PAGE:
Essential Passage 1: Book I
When Saturn fell to the dark Underworld
And Jove reigned upon earth, the silver race
Replaced the gold, inferior, yet in worth
Above the tawny bronze. Then Jupiter
Curtailed the pristine spring and led the year
Through winter, summer, autumn’s varying days
And brief precarious spring in seasons four.
Then first the blazing sky with torrid heat
Sweltered, and ice hung frozen in the gale;
Then men sought shelter—shelter under caves
And thickets and rough hurdles bound with bark;
Then in long furrows first were set the seeds
Of grain and oxen groaned beneath the yoke.
In the beginning there was nothing but Chaos, a disordered mass of matter. Then Nature began the process of Creation by separating the elements, the air, and ether from the land and water. Plant life and animal life were set forth on the earth, followed by the creation of Man, who looked up to Heaven, as the animals looked down to earth. There were five climatic regions of the earth (equatorial, two temperate, and two polar zones), yet there were still no seasons. Human beings found shelter in caves or rude shelters. Over all this ruled Saturn, the king of the Titans. It was the Golden Age, when all was at peace. No conflict existed between the elements or living things.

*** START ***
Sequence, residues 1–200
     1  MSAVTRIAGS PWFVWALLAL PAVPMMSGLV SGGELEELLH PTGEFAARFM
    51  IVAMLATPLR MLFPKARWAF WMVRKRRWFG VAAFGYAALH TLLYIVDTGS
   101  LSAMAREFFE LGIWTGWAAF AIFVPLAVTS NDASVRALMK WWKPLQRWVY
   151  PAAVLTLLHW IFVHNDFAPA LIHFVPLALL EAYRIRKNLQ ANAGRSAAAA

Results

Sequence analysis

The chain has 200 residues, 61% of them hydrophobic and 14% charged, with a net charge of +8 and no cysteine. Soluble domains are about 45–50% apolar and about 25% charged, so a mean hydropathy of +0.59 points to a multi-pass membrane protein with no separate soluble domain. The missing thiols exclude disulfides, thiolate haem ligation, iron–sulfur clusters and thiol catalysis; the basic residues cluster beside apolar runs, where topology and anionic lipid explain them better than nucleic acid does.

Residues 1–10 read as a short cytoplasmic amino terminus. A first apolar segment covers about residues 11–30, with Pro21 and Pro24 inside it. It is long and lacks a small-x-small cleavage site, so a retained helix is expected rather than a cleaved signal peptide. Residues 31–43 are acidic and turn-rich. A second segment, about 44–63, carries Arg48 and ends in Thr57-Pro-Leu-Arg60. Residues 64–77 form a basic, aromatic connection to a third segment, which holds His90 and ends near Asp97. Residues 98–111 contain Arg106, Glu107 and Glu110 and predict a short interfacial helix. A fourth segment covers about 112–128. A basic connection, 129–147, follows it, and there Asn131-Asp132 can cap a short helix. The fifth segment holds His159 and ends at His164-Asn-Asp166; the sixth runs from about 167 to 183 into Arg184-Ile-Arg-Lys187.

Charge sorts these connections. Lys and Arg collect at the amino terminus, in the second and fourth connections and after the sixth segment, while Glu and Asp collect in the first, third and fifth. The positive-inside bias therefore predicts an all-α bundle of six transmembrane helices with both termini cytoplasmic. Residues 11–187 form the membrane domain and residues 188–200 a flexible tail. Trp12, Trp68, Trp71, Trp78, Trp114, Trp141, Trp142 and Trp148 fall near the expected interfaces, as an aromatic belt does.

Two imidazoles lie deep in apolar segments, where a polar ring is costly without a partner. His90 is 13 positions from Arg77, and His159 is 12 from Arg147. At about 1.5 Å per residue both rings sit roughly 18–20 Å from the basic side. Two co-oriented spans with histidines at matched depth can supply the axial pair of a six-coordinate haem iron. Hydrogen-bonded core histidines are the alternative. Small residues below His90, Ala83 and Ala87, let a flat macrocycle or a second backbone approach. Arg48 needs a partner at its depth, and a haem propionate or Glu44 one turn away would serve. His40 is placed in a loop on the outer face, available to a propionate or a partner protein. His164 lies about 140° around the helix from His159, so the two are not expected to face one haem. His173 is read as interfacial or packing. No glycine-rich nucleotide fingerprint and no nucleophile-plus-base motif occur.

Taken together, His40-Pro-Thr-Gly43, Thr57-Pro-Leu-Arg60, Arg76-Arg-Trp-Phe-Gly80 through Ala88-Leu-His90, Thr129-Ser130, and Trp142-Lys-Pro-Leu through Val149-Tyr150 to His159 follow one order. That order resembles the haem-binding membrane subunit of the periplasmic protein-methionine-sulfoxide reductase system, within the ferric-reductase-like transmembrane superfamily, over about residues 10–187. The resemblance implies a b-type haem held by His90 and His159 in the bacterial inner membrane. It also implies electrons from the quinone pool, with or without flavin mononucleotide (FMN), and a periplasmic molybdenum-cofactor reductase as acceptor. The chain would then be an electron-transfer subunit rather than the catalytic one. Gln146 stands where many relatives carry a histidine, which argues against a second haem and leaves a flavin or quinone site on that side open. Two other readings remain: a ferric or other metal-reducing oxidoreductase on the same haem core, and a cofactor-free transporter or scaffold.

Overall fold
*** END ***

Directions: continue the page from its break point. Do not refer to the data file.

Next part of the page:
However, in the divine realm, there was discord. Saturn was killed by his son Jove (Jupiter). The Golden Age came to an end and gave way to the Age of Silver, with Jupiter as its king. During this age came the seasons of winter, spring, summer, and winter. Mankind was still at peace. They had learned to gain food from toil in the ground, and to build houses. However, their gains came at a cost: freedom for man meant enslavement for animals.
Essential Passage 2: Book II
The Almighty Father made the anxious round
Of heaven’s vast bastions to ensure that none,
Enfeebled by the fire’s assault, should fall;
And seeing all were sound, their strength intact,
Surveyed the earth and the affairs of men.
His own Arcadia was his weightiest care;
Her springs and rivers, fearing still to flow,
He primed anew, gave verdure to the fields,
Leaves to the trees and bade the ravaged woods
Grow green again. And as he came and went,
Busy, there caught his eye a country nymph
Of Nonacris and love flared in his heart.
She was no girl to spin soft skeins of wool
Or vary her hair-style; a buckle held
Her dress, a plan white band her straggling hair.
She carried a light spear—sometimes a bow—
Diana’s warrior; none so high as she
In Dian’s favour on the mountain slopes
Of Maenalus; but favourites soon fall.
One afternoon, the sun still riding high,
She found a glade deep in the virgin woods
And there unstrung her bow, took off her quiver,
And lay down on the grass, the coloured case
A pillow for her head. Jove saw her there,
Weary and unprotected and alone.
‘This prank’, he thought, ‘my wife will never learn,
Or should she, all her scolding’s worth the prize.
Phaeton, the son of the sun god Apollo, has come close to destroying the earth by fire, having taken...
(The entire section is 1394 words.)